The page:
Thursday, September 24, 2015

No shortage of marriageable men after all

A most interesting piece from Brookings challenges the traditional idea that there is a shortage of men in the marriage market.

The original definition of marriageability, from sociologist William Julius Wilson, was based on the ratio of employed men to all women of the same age. All women of the right age are assumed, under this definition, to be equally marriageable. But this is an outdated assumption, given cultural, economic, and social changes. A high percentage of women participate in the workforce; many have children from a prior relationship.  

On only one definition of marriageability—Wilson’s original one, comparing employed men to all women—do we find a ‘shortage’ of men so often lamented in the media. On all other measures, there is in fact a surplus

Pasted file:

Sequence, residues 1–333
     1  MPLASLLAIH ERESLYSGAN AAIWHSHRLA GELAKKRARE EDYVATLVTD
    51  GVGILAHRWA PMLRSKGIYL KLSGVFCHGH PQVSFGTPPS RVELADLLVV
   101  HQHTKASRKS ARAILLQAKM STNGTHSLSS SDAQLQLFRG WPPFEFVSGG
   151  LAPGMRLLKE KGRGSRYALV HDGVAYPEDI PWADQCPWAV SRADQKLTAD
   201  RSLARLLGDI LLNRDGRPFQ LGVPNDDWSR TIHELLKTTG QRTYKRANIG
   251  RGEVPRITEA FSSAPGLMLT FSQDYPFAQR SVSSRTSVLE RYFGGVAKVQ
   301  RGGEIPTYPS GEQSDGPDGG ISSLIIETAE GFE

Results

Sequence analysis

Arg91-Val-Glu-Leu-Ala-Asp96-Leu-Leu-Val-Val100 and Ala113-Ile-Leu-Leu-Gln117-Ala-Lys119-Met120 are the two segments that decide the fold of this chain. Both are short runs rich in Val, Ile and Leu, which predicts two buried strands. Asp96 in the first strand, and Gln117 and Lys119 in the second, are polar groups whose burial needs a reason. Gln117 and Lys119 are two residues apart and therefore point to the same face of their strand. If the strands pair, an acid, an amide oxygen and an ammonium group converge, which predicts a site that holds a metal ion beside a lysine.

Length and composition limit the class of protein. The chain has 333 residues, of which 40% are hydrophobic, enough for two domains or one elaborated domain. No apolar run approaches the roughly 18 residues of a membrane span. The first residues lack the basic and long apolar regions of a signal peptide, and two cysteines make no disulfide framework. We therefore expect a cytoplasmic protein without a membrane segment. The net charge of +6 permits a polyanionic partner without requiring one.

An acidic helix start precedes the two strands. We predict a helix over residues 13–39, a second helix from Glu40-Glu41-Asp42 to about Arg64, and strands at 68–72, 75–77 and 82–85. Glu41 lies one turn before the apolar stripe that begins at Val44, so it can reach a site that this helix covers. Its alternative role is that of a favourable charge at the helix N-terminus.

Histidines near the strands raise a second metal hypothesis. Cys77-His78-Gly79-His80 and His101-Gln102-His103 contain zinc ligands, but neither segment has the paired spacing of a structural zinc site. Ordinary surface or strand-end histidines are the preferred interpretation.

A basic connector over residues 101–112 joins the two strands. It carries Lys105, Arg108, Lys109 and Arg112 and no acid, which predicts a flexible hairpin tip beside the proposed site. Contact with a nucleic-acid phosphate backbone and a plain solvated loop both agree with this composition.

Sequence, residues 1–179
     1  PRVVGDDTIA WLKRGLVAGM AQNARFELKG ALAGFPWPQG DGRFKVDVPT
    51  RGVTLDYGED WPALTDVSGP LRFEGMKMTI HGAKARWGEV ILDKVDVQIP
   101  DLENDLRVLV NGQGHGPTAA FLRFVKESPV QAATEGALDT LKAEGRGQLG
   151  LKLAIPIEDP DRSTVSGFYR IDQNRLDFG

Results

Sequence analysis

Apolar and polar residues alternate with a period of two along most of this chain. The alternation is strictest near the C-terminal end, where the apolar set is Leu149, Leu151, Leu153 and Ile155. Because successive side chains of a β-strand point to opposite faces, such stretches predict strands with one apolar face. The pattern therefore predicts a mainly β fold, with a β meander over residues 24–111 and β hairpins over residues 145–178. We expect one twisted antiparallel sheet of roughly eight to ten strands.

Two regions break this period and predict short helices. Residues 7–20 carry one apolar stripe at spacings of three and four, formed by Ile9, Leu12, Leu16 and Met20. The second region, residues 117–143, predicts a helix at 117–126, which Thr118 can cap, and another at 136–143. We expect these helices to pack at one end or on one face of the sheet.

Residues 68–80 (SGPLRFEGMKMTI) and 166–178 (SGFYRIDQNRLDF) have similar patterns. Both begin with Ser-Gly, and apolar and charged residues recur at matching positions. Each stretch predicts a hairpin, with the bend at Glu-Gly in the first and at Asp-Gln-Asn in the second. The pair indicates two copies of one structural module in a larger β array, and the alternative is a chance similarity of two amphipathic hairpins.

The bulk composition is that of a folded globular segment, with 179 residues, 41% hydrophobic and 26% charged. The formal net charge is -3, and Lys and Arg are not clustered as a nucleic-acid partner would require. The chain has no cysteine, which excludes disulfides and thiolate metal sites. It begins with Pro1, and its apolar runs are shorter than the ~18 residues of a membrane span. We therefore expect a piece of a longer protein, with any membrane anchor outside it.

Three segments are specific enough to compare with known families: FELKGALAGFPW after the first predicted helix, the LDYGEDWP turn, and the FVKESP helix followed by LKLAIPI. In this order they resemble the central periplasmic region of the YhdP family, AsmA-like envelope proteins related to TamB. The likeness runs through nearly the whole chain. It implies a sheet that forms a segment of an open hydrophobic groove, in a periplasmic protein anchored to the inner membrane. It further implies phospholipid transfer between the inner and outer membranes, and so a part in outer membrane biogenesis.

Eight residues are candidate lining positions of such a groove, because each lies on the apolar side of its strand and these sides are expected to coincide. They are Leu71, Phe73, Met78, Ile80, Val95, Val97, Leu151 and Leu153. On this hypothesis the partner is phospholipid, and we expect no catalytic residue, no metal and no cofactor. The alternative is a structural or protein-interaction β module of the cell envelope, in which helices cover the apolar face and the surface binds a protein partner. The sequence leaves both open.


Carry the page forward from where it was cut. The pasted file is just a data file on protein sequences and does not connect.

However the surplus disappears for black men and women. (Inter-racial marriage rates in the US are very low - in 2010 only 4.6% of married Black females had a non-black husband).

The writer says the difference is due to lower employment prospects, high rates of incarceration and shorter lives.

Terribly sad state of affairs.

1 comment:

Anonymous said...

I suspect the stats do not show the whole picture in that 'marriageable' is not necessarily just being available. Having been flicked by first wife at 40 I found there were many great women looking for a respectful 'nice' man but were struggling to find men that they perceived as suitable. Men were about but they were not perceived as marriageable. It wasn't the money either I suspect although that cannot be ignored - it was morals. Likewise there were woman available that you wouldn't want a relationship with. I also encountered men that had been burned and were simply not interested in risking everything again.